For a community the size of Northampton, the positivity rate must be 5% or greater for it to be classified as red. This is problematic because percent positivity is not a good measure of the incidence of the disease. Positivity is useful as a way of measuring whether enough testing is being done; a high positivity rate can mean that only (highly) symptomatic people are being tested. Including it as a supplementary measure, as in the CDC and NYTimes/Hopkins metrics, makes good sense, since it counteracts a low new case rate arising from too little testing. But it’s hard to see why one would require high test positivity for the “high risk” classification. It would seem to mean: “As long as there is enough testing, there is only a moderate risk of transmission, no matter how high the new case rate is.”
Test positivity is a particularly problematic measure in Hampshire County, where we have so much repeated asymptomatic surveillance testing at the Five Colleges. By the count in our paper, the number of tests at the Five Colleges was 90% of the number in Hampshire County. Here is an update to one of the tables in our paper, which looks at the effect of subtracting Smith College numbers from Northampton’s.
Because Northampton’s positivity rate as reported by the state has never exceeded 5%, Northampton has never been classified as “red”, although the new case numbers have been high enough for a red classification by the CDC or NYTimes/Hopkins metrics since November. Besides sending a seemingly false signal that high levels are “moderate”, this classification makes no distinction between the very different levels just before and just after the Thanksgiving-to-New Year’s holidays.
As a Gazette article points out, Amherst with its 637 cases in two weeks (113 per day per 100K!) was also classified yellow in the Feb. 18th report because of its 2.19% positivity rate.
New variant data
The same statement appeared in the previous report, with just this difference:
The City of Northampton website has no information about the new variants, but we know thanks to a Feb. 1 Boston Globe article, and a recent follow-up in the Gazette, that there was a case of the B.1.17 variant in Hampshire County. The CDC database cited in the Feb. 18 Public Health Report reported 44 cases for Massachusetts as of Feb. 18; there seems to be no publicly available currently updated county-level data.
It’s not clear why “medical privacy reasons” stopped the DPH from releasing more details. Compare the Jan. 17 press release on the first detected case (in Boston). We now only have aggregated data on travel status:
We also know thanks to that Gazette article that there is relatively little surveillance testing for new variants in Massachusetts.
With a daily new case rate of 3248 on Feb. 1, 100 per week means about 0.4% of cases were being sampled. With a daily rate of 1818 on Feb. 19, about 0.8% are being sampled.
Given the current data, the B.1.1.7 variant may well be fairly widespread here. But we are being given little or no guidance about what we should be doing as individuals in light of that, and policy making does not seem to be taking it into account (see this critical take on state-level policy and the new variants). It is shocking that there was no local press release from the MassDPH or one of our local health boards when the Hampshire County case was discovered, and that we still know so little about it.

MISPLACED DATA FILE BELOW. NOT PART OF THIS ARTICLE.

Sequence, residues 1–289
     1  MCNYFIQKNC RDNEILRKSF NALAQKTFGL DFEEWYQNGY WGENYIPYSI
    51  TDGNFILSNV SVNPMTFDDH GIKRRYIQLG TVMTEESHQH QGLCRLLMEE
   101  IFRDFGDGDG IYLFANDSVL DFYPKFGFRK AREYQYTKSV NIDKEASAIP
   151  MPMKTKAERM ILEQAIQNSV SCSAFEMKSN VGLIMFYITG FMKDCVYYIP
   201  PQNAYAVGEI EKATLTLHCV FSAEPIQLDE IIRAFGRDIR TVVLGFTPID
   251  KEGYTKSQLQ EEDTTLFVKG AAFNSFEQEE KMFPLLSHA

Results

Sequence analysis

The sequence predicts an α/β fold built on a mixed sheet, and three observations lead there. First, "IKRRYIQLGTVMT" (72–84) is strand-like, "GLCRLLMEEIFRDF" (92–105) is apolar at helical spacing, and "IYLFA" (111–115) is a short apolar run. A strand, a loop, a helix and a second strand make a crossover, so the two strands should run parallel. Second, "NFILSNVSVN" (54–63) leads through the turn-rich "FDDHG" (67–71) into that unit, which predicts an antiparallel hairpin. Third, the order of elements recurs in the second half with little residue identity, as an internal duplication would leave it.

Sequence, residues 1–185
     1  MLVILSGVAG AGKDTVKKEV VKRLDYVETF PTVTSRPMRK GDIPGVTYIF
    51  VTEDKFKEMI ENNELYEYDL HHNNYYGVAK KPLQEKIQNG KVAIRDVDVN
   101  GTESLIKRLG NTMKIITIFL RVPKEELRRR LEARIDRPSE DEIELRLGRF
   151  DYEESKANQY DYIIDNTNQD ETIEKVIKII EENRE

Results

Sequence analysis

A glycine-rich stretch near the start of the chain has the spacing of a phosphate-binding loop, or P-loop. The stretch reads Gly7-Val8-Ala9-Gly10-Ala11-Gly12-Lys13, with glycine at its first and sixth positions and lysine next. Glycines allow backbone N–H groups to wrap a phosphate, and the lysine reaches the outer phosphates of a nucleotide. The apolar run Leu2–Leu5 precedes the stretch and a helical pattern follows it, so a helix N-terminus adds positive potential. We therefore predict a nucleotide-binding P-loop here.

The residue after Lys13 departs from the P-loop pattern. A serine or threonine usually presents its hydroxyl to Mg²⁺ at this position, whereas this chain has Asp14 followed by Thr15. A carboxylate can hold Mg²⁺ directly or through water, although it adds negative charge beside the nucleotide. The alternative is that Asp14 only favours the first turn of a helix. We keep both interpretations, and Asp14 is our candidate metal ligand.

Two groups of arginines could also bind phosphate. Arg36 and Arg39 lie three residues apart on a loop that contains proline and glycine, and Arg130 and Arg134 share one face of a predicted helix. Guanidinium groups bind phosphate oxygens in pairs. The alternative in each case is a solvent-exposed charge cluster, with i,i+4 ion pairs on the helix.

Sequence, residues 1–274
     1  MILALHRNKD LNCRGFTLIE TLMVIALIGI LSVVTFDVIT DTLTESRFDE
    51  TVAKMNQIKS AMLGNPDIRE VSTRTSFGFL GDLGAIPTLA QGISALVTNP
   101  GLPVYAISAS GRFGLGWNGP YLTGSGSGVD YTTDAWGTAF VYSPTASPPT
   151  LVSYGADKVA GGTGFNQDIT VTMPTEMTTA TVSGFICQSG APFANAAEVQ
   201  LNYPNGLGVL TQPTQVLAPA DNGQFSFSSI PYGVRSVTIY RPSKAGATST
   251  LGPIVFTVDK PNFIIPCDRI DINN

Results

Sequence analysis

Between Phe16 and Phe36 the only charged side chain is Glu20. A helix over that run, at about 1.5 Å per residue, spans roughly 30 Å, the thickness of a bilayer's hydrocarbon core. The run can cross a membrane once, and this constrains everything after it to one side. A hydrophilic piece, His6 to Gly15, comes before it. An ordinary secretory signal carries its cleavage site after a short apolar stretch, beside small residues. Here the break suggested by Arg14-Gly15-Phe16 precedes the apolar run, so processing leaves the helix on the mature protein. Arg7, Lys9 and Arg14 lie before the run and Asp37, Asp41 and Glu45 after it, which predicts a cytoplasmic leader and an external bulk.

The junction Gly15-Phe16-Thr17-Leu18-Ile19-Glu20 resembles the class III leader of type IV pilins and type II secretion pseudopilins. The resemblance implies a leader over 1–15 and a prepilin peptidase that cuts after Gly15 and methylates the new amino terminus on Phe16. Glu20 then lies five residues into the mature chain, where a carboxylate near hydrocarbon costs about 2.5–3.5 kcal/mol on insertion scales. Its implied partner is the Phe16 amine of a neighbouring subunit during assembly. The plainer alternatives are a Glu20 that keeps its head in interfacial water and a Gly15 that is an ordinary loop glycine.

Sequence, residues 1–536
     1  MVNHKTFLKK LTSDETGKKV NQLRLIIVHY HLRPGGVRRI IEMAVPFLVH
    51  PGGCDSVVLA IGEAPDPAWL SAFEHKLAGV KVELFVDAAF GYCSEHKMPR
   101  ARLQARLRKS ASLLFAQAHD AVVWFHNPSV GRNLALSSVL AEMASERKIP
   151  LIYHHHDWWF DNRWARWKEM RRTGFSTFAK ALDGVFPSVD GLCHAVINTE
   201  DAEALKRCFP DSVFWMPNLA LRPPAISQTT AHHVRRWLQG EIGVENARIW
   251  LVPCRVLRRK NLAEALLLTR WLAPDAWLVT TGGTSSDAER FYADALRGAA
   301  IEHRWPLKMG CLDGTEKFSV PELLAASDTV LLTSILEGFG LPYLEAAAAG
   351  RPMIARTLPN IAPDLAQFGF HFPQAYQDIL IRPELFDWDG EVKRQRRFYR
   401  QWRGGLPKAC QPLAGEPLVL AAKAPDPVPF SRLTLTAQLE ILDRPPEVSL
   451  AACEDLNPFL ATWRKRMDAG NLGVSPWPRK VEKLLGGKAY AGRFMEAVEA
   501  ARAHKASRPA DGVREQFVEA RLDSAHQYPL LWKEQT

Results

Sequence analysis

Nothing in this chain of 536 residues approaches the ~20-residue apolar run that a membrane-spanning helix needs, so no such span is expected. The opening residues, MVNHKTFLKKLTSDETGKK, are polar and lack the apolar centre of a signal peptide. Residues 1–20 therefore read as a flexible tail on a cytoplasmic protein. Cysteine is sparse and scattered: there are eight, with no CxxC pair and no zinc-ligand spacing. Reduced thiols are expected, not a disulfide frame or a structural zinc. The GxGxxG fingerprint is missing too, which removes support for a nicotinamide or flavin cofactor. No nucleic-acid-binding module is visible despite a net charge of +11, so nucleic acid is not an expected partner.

Local data in Kingston Ontario
In Ontario, all of the positive tests with an N501Y mutation are sequenced, plus 5% of other tests.
Update Feb. 23: A second new variant case has been detected in KFL&A. The reporting on it is incredibly thorough, and gives lots of details about how these cases, as well as surveillance and quarantine for international travel are being handled in Ontario.
The KFL&A Region has a slightly higher population than Hampshire County. They have had only one death from COVID-19, we are currently averaging one a day.
The current Kingston data is also presented in easier to read tables by a local web-based newspaper (note especially the detailed case information at the end). The week ending Feb. 19 had 17 new cases, which with a population of 204,116 makes 8.3 per 100K (1.2 per day), which puts it in the CDC’s blue Low Transmission category (see this webpage on what Kingston’s “Green/Prevent” categorization by Ontario entails).
The KFL&A health board provides an example of how outstanding public health work can help curtail the spread of COVID-19, and of how information and guidance can be effectively shared with the community (its success has been discussed in the national media: see this article from July 24 2020, this one from Jan. 19 2021, and this one from Feb. 21 that is paywalled, here is an excerpt).
As we hopefully move into a time where COVID-19 is less prevalent in our area, we might also hope that our health departments will improve the quality of local data so that local decision making, both by officials and individuals, is on firmer empirical ground. Perhaps the new Joint Committee on COVID-19 and Emergency Preparedness, chaired by our own Senator Comerford, will help create some motion in this direction.
A wish list:
- Systematic public presentation of details about cases and their contacts, anonymized or aggregated in whatever way needed to protect privacy
- Separation of higher ed data from other local testing data
- An improved state-level risk metric (maybe adoption of the new CDC one?), and guidance about what the risk levels mean for the public
- Better surveillance testing for new variants (and the disease in general), with guidance about how the results should guide decision making
Massachusetts residents may ultimately be better served by county rather than town/city health departments. Two advantages:
- Resource sharing
- Avoidance of data bottlenecks at the state level (MA has more boards of health than any other state in the country, which may well explain the lags in transmission of town/city data)